TENNIS WHISPERER NOTES
Latest revision: 1 Aug 2021 Contact Rob
In 1933, Mercer Beasley wrote a book: “How to Play Tennis”. Beasley was the coach of the Federer/Nadal equivalents of his day: Vines, Austin, Parker. Beasley began with the following: “No two tennis champions have ever played the game alike. All of them, however, possessed a strong foundation and sound tennis fundamentals. What follows here are the fundamentals of modern tennis, on which you can build your own individual game.”
Beasley went on to outline the three (3) greatest tennis tips of all time: 1) Keep Your Eye on the Ball, 2) Get Your Racket Back as Quickly as Possible and 3) Move Your Feet!
While racket technology, court surfaces, and shot selection have continued to evolve, nevertheless the basics have never changed. Our evergreen Whisperer Notes illustrate and reinforce the three (3) greatest tips — enjoy the read. Questions/comments are always welcome. Above all, enjoy the game, it’s a great game for all ages.
BALL WATCHING: FOREMOST OF THREE KEY ELEMENTS
- Effect of “dominant eye”. Most players are cross dominated.
- To minimize effect of eye dominance, be at right angles to the direction from which the ball is coming — particularly on service return and volleys.
- Move eyes, not head. Moving head loses time for shot preparation.
- Focus on ball seams to improve ball watching.
- “Soft eyes”! Gaze at ball rather than starting at the ball. Staring caused mistiming because the focal length is triangulated to a single point and the ball may not be in the field of vision.
BALANCE: SECOND KEY ELEMENT
- Natural ready position
- Move racket before foot
- Relative ball height in relation to body height — preference is waist high and moving forward to the bounce of the ball.
- Good balance ensure full body weight transference: ‘heavy ball’.
- Balance is the key element for serving — see below.
RHYTHM: THIRD KEY ELEMENT
- Rhythm ensures body weight transference into a shot.
- Effect of racket head speed on:
- Ground stroke — (smooth, one speed)
- Service — (two speeds)
- Volley — (accelerate)
- Effect of ball speed:
- a faster ball is much easier to hit given the relative angle of the ball bounce.
- a slower ball is much harder to hit — timing/early preparation is key given the slower ball has a much more of a vertical bounce.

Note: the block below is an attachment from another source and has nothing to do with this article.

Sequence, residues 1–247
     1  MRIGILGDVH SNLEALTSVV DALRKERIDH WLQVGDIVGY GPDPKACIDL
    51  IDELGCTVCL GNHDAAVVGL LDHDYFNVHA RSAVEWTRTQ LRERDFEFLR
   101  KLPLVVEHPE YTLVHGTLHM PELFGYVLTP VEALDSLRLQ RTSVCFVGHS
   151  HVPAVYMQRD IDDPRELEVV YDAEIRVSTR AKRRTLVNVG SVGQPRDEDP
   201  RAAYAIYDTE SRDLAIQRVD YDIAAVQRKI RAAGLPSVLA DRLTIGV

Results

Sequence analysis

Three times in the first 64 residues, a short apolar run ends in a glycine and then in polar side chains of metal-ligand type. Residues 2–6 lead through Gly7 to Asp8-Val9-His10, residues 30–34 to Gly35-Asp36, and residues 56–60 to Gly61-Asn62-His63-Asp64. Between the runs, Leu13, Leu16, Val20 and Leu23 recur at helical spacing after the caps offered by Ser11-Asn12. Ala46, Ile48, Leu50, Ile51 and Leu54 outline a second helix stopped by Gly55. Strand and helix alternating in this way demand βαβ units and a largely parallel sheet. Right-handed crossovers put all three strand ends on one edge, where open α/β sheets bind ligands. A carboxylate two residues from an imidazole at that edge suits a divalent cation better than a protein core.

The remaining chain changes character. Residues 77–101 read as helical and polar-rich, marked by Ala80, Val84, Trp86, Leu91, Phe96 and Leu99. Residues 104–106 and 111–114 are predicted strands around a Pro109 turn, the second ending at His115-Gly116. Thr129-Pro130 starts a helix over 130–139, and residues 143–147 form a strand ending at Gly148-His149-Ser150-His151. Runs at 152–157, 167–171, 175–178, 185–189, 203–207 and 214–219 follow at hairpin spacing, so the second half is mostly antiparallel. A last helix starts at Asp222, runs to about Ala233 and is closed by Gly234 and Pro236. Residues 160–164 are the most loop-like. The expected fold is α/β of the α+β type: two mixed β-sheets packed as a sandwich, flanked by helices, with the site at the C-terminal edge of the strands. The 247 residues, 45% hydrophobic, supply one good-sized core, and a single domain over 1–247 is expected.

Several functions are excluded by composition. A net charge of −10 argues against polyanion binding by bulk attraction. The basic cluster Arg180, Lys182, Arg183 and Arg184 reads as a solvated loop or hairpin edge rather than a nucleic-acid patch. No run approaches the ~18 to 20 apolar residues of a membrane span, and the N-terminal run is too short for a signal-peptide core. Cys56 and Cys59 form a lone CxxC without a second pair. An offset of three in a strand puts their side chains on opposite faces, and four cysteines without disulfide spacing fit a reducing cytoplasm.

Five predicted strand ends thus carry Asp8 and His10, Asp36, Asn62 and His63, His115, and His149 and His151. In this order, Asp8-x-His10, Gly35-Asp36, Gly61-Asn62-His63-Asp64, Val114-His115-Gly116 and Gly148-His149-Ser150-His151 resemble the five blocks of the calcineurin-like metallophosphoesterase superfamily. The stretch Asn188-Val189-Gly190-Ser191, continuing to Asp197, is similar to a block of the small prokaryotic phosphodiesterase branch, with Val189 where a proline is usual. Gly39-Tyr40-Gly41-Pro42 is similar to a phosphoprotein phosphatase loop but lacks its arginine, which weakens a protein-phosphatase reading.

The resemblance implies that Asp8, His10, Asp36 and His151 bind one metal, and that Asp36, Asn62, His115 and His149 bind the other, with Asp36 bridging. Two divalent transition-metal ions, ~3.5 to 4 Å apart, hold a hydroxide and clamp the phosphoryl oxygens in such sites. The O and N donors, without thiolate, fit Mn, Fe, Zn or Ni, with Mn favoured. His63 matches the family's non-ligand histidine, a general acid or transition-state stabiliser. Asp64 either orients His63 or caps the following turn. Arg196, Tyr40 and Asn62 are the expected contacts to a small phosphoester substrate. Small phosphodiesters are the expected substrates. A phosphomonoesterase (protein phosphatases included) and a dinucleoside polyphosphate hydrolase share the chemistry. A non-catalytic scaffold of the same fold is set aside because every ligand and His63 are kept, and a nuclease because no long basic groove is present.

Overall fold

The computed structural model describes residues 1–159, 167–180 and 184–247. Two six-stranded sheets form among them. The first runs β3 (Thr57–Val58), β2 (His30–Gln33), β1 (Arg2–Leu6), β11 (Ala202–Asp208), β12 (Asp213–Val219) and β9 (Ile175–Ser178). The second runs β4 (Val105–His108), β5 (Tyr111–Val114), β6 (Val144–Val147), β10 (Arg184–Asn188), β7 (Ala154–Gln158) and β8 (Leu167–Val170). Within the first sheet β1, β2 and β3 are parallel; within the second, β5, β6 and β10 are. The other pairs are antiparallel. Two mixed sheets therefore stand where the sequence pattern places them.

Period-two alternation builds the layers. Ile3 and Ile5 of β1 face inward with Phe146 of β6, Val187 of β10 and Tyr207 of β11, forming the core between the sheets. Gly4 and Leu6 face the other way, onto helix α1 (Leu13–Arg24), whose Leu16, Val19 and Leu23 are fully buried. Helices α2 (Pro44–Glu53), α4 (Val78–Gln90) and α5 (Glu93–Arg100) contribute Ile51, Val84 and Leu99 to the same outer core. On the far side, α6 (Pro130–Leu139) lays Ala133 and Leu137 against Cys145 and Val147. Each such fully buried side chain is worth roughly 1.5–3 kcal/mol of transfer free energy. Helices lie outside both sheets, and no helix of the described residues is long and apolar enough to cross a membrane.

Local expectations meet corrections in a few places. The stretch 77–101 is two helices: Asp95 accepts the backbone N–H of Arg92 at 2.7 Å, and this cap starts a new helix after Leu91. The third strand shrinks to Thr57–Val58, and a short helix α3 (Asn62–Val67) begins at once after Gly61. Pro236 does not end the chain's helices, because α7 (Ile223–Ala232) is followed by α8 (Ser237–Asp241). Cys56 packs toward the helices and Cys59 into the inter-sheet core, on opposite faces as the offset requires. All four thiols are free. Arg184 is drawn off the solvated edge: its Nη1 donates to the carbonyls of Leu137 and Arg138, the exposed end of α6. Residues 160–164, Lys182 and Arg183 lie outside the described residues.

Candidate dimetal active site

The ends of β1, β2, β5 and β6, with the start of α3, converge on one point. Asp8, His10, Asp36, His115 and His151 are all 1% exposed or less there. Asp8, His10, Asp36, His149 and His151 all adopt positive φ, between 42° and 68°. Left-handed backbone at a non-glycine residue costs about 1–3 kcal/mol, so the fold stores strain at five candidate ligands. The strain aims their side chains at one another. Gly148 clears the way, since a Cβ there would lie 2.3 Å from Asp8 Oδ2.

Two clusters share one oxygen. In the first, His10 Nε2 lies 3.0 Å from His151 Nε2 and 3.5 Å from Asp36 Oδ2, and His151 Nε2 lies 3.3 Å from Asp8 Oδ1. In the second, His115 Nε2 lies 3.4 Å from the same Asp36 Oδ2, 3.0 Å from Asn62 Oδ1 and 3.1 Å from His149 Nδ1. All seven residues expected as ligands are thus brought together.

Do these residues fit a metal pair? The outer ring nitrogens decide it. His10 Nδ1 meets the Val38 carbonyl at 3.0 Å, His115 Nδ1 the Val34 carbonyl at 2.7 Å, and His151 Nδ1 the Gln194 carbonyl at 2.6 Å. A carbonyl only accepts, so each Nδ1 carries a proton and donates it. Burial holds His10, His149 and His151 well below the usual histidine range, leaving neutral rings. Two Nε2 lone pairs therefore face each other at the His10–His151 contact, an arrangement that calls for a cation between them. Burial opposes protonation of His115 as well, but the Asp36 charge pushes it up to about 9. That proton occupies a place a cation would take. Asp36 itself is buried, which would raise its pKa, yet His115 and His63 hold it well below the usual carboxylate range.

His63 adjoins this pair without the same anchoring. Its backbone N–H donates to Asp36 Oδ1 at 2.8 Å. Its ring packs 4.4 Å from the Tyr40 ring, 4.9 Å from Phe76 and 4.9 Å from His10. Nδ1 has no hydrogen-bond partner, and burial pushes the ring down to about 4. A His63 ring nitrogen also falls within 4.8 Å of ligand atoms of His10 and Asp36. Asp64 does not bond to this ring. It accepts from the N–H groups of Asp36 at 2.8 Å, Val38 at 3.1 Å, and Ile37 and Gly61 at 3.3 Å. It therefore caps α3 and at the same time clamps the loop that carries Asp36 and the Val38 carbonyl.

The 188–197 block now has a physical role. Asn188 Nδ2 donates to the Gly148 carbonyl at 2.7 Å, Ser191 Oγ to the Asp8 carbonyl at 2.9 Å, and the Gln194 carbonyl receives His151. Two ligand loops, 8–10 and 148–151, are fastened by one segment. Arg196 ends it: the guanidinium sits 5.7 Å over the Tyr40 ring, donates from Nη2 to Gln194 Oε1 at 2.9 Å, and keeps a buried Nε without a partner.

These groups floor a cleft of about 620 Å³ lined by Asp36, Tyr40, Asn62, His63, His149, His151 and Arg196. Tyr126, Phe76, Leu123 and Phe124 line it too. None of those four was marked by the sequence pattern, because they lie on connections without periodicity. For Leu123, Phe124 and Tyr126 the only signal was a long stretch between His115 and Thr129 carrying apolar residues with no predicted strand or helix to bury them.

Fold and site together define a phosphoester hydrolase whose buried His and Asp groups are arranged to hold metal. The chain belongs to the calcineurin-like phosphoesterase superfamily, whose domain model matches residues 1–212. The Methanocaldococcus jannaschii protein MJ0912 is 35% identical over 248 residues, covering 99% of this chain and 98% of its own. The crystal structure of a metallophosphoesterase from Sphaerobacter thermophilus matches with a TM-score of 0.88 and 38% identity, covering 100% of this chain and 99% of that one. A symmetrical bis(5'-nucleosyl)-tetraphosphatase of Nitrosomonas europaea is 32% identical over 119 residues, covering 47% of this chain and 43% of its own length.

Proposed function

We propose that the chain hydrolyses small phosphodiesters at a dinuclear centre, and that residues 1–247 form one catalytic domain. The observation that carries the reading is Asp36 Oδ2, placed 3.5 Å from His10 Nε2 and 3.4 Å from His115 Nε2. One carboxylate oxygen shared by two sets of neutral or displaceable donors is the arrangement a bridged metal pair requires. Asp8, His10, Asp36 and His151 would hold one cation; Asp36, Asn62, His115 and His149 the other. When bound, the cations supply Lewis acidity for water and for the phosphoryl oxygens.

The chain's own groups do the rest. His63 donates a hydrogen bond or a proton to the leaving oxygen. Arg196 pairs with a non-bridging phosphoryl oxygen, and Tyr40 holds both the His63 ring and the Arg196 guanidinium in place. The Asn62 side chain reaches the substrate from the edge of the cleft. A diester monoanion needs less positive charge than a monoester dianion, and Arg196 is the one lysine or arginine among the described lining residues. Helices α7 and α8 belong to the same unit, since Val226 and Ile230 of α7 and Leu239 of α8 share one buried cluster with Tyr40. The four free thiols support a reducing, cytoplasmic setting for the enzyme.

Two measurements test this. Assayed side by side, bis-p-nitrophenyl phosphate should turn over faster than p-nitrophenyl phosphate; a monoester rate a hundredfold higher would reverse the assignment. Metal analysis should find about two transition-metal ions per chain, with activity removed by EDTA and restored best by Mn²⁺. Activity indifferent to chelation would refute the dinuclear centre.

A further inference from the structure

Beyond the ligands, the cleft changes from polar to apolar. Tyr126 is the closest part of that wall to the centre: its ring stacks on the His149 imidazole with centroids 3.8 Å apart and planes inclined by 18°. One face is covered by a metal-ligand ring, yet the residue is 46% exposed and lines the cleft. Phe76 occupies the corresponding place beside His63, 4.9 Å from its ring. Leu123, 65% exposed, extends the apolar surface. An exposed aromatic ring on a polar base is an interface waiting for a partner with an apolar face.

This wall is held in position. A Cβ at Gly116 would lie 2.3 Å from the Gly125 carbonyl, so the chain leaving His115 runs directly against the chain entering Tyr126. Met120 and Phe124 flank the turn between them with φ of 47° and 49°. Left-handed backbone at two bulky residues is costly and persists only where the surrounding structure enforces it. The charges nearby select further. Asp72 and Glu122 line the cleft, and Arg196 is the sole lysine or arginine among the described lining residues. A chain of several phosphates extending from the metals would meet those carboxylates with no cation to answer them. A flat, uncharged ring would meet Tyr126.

- a high bouncing ball above shoulder height, particularly a lob, is the hardest of all.
- Effect of court surface, ball type and playing conditions.
- Allied with proper racket stringing, mitigates ‘tennis elbow’ .
- Most difficult shot.
- Requires coordination of entire body to maintain balance and rhythm.
- Bounce ball minimum of three (3) times to set serving stance and balance. This is the ONLY time you have control of a point — use the time wisely.
- Ball toss in line with right shoulder for right handers (1 o’clock), left shoulder for lefties (11 o’clock)
- Two speed motion for serving: a slower ‘school zone’ for a consistent ball toss, faster motion for the actual hit to accommodate higher or lower toss.
- Soft grip similar to throwing a ball.
- Most feared shot — frighten of getting hit by a faster ball particularly when you cannot accommodate your eyes/vision fast enough.
- Effect of changing your vision from parallel to triangular focus as ball travels towards the player.
- Keep ball out in front — in field of vision
- Move your eyes to watch the ball — moving your head loses time to recover for next shot and takes your eyes out of the game.
- Turn shoulder to volley, not whole body.
- SECRET OF THE GAME: The player who hits the ball over the net and into the court the last time, wins the point.
- Effect of net height on:
- baseline groundstrokes
- approach shots
- net groundstrokes
- Strategy 101: Red/green zones — when to ‘pull trigger’!
- Size is an advantage since a taller player can ‘finish the ball’ from closer to the baseline: ‘Ghost Line”
- Basic groundstroke is a cross court stroke to take advantage of lower net height in the centre — irrespective of singles or doubles play.
- Breathing strategy to cope with/control your emotions.
- Challenge is to determine your own type of game.
(C) MUIR TENNIS ACADEMY 2010-2021